At Saul's coronation, Samuel obeyed the Lord's instructions. He reminded them of God's faithfulness in His deliverance out of Egypt. He reminded them of God's faithfulness with Gideon against Commander Sisera. He reminded them of their very own need in Samuel's story for God's salvation, when they had turned away from the Philistine idolatry to plead for God's deliverance from the Philistines, and of God's faithfulness to send the judges to rescue them from their enemies every time they returned with genuine repentance to the Lord:
And the Lord sent Jerubbaal, Bedan, Jephthah, and Samuel, and delivered you out of the hand of your enemies on every side; and you dwelt in safety. And when you saw that Nahash king of the Ammonites came against you, you said to me, ‘No, but a king shall reign over us,’ when the Lord your God was your king.
Their sin was in asking for a king because they no longer trusted in God to protect or prosper them. They believed that their oppression was a result of an inadequate leadership system, the judges and of Samuel's corrupt sons, rather than a need for repentance and sincere seeking of God on their own part. They replaced the Philistine idol worship of the previous generation with an idolatrous monarchical worship. While the previous generation had worshiped the idols of their enemies the Philistines, this generation wanted to worship and set up for themselves a replication of their enemies' monarchies.
We worship by serving and trusting in any thing or one
we believe will supply us with provision and security.
In my own heart, I have noticed that when my anxiety levels rise it is a good symptom, much like our bodies' nervous system with pain, to let me know of a deeper problem that needs to be fixed. Whether it is anxiety, depression, anger, frustration, bitterness, and many more negative emotions, if we bring those feelings or wrong reactions to the Lord, His Spirit is faithful to show us the deeper heart issue that the symptom is exposing. The circumstances only allow us to have an ideal condition in which whatever is in our hearts comes to the surface.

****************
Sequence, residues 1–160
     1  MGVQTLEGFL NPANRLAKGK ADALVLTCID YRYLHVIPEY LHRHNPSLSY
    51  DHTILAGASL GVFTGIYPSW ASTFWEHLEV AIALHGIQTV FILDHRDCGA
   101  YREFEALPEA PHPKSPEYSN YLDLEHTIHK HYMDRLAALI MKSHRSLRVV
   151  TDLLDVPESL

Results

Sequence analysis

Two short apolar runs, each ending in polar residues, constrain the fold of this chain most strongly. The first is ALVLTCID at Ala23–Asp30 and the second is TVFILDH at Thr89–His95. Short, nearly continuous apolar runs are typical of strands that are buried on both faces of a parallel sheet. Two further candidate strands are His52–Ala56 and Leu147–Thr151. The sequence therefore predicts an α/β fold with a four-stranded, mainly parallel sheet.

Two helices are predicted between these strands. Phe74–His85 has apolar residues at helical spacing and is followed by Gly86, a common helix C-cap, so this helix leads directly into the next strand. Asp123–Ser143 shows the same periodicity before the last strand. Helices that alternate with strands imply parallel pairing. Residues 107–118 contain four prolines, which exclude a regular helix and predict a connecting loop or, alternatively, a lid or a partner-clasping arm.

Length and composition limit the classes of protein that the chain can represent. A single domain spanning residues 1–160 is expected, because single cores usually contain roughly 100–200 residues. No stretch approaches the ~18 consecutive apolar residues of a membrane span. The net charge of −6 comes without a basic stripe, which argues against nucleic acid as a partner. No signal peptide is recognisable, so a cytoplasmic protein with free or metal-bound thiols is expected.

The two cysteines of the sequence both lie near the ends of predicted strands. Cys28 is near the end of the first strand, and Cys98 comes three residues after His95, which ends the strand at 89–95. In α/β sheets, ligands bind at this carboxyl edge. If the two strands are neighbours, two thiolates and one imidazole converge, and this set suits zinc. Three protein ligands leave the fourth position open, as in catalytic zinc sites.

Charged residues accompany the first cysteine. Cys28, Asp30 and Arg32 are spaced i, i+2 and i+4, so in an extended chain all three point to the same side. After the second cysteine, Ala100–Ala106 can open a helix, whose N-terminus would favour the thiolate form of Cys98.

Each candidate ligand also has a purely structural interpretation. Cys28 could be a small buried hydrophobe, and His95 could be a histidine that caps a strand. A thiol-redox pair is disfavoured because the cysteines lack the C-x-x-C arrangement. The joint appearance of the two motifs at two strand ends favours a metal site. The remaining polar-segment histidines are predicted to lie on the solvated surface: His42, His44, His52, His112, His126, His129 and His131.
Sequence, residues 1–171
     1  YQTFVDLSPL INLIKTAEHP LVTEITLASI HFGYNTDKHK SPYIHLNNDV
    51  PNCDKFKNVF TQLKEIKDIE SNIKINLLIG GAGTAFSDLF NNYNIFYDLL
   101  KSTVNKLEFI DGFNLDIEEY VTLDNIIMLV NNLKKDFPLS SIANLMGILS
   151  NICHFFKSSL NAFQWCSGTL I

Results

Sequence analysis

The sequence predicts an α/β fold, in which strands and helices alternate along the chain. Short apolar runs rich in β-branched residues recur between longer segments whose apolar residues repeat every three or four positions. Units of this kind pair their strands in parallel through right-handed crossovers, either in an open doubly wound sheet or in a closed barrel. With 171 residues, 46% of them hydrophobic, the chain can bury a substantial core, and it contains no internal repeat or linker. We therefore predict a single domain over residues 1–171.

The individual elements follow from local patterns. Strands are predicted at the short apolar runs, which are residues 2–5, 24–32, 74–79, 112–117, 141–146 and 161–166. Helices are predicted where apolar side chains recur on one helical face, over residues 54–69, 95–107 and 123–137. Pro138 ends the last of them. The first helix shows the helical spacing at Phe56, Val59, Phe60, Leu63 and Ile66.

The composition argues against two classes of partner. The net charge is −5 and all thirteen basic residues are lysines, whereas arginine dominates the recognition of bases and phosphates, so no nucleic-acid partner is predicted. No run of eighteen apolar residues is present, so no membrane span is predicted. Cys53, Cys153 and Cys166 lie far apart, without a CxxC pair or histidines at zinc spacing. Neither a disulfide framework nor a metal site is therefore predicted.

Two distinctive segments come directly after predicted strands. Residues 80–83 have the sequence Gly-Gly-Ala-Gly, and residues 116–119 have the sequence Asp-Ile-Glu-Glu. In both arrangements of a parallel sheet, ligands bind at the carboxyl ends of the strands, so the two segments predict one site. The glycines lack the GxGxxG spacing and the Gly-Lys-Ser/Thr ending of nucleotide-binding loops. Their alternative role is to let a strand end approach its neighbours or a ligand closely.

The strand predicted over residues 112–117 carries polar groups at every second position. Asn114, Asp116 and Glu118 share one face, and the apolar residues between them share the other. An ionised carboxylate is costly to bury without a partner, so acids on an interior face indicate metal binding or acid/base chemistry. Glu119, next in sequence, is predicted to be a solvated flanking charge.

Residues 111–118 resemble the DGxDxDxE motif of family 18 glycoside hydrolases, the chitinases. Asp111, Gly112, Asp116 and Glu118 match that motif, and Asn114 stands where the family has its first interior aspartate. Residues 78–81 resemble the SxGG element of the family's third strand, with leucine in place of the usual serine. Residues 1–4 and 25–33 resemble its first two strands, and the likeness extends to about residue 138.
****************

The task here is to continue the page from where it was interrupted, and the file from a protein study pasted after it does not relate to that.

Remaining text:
In 1 Samuel 12, Samuel obeyed God's instruction by reminding the people that no leadership system will supply them with safety and security without the people sincerely serving and obeying God's voice. If they obeyed God, whether with a king, or with a judge, they would be able to count on God's help. Conversely, without obedience to the Lord, they would be oppressed by both their enemies and their king, putting them in an even more difficult position, since a king would have much more power and authority to hurt them than had any judge.
“Now therefore, here is the king whom you have chosen and whom you have desired. And take note, the Lord has set a king over you. If you fear the Lord and serve Him and obey His voice, and do not rebel against the commandment of the Lord, then both you and the king who reigns over you will continue following the Lord your God. However, if you do not obey the voice of the Lord, but rebel against the commandment of the Lord, then the hand of the Lord will be against you, as it was against your fathers. 1 Samuel 12:13-15
When we are obedient to serve and worship only God,
He will be our Helper no matter what.
At that point in Samuel's rebuke, I hope I would have wanted to take back my request. Sometimes God gives us this opportunity to take back our demands when we repent, but sometimes he lets us walk out the consequences of our own requests because we aren't changing our wrong heart focus: “He gave them their request, but sent leanness into their soul.” Psalm 106:15